Once upon a time, not too long ago, Tommy used to work on the docks. Now the union’s on strike. He’s down on his luck. It’s tough.
Gina works at the diner all day. Working for the man, she brings home her pay for love.
“You’ve got to hold on to what you’ve got,” she says. “It doesn’t make a…
I haven’t listened to Joe Tait call a full basketball game in years.
I got cable and DVR and kids and listening to games on the radio stopped making sense.
There was also a time in my life when I didn’t have cable and DVR and kids and I was just discovering basketball. Joe Tait was my teacher.
I fell in love with the game and the Cavaliers in 1989 when I was 9 years old and sat with my dad and watched for the first time on WUAB/43. I discovered Joe Tait shortly after when my parents bought me a clock radio and I figured out that I could lay in bed and listen to games without them knowing - or at least they pretended not to know.
My favorite Cavaliers season will always be 1991-92. Joe and I went through that season together. I sat in my room in the dark trying to muffle cheers and fight the urge to jump up and down. Joe sat in some arena somewhere, and I like to think he tried to do the same.
When the Cavs beat Miami by 68 that season, it was Joe Tait that told me. When Mark Price returned from the injury that ended his season a year earlier, Joe Tait let me know he was back. When the Cavaliers beat Boston in Game 7 of the Eastern Conference Semifinals, I ran up to my room so I could hear Joe call the closing seconds. I still remember the call, word-for-word.
When you live in a home without cable, you sit in your parents’ living room, 1950’s style, in front of their stereo to listen to games. You plan your day around it. You imagine the plays in your mind. You take mental notes so you can match the call with the highlight on the 11:00 news. Oftentimes, the former was better.
Anyway, Joe Tait’s calling it quits after tonight’s game. I have a lot of good memories of his calls. So do a lot of other people in Cleveland. I’ve never heard a bad word said about the man in a business where a lot of bad things get said about a lot of people.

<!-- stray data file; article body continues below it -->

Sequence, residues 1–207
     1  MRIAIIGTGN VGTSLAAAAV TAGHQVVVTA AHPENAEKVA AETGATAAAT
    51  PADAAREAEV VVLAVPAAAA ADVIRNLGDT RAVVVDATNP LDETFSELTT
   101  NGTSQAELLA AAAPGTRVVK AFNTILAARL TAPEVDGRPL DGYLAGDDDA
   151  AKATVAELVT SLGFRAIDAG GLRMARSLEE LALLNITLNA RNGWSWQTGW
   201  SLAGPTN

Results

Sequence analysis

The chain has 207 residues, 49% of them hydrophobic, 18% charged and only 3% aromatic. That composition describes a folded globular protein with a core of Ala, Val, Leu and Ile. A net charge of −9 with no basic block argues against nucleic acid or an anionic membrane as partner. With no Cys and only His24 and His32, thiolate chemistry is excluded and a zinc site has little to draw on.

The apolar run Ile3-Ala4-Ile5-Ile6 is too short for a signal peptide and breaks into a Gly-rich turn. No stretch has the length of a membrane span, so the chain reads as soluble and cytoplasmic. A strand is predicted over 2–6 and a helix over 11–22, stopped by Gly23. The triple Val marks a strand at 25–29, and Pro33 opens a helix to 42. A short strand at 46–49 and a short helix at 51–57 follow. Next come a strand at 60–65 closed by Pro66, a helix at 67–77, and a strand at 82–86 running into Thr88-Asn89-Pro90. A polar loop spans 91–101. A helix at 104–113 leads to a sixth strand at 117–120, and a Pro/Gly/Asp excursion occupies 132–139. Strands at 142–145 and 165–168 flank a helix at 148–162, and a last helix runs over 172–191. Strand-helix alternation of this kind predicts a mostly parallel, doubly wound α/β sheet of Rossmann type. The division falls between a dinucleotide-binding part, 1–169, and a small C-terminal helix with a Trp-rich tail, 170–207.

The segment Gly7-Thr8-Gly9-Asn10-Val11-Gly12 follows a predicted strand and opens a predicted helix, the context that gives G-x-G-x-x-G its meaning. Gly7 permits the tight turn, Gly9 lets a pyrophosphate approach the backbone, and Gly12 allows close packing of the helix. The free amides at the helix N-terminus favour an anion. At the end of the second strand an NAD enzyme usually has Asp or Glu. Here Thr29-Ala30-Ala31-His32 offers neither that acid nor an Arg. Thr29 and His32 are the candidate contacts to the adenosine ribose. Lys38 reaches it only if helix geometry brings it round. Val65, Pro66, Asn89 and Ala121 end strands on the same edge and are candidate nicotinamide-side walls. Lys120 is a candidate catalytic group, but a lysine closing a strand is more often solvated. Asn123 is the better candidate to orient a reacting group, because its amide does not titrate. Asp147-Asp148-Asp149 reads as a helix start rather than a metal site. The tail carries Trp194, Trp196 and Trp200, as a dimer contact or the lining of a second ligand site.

I don’t know if the Cavaliers will ever win an NBA championship. I hope they do. Either way, my best Cavs memories will always involve Joe Tait telling me that Mark Price just put a “three in the air…Got it!”
In an unexpected move, the Ohio State athletic department has issued a press release asking fans of Cleveland sports teams to “no longer take any interest in Ohio State teams or players.”
The move comes just days after Ohio State was upset in the Sweet 16 of the NCAA Men’s Basketball Tournament by the Kentucky Wildcats and in the midst of an evolving scandal involving head football coach Jim Tressel.
“Nothing good ever happens to fans of Cleveland sports,” said Ohio State athletic director Gene Smith in the release. “It would be best for all of us if those fans would disassociate themselves with our program and find another school to root for.”
Smith went on to suggest the University of Michigan, University of Wisconsin and the entire SEC as candidates for Cleveland’s affection.
A source close to the athletic department says the decision to confront Cleveland fans was made after much deliberation. However, after two straight days of discussion, according to the source, the evidence was overwhelming.
“You can start with the basketball team’s tournament performances the last few years,” said the source, who is familiar with the meetings and spoke on condition of anonymity as they are not authorized to discuss the matter. “From there, go back to the football team’s loss in Wisconsin this past season and multiple recent losses in BCS bowl games. When you combine that with Cleveland’s well-documented history, it all makes sense.”
Opponents of the move cited the football program’s win over Arkansas in the Fiesta Bowl in January and the 2003 Fiesta Bowl win over Miami, which gave them the BCS National Championship, as proof Cleveland’s fans were not adversely affecting the athletics program, said the source. However, proponents cited that both wins came with controversy attached and were still not recognized as legitimate by some pundits and fans around the country.
“While we have not decided how to approach Cleveland sports fans living in Columbus,” said school president Gordon Gee in the release, “we would recommend that they begin to familiarize themselves with the Cincinnati Reds and Bengals.”
The release specifically mentions that those living in the 440, 216 and 330 area codes are banned from cheering for Ohio State, wearing Ohio State paraphernalia and wishing their favorite pro teams would draft Ohio State players. Fans living outside of those areas will be considered on a case-by-case basis. Fans requesting an exemption may do so in writing to the university within 90 days.
“We are thankful for the support of the fans of Cleveland for so many years,” said head football coach and Berea native Jim Tressel. “We wish them the best of luck and, in the unlikely event that one of their teams wins a championship before everyone there dies, I’m certain we would be more than happy to reconsider.”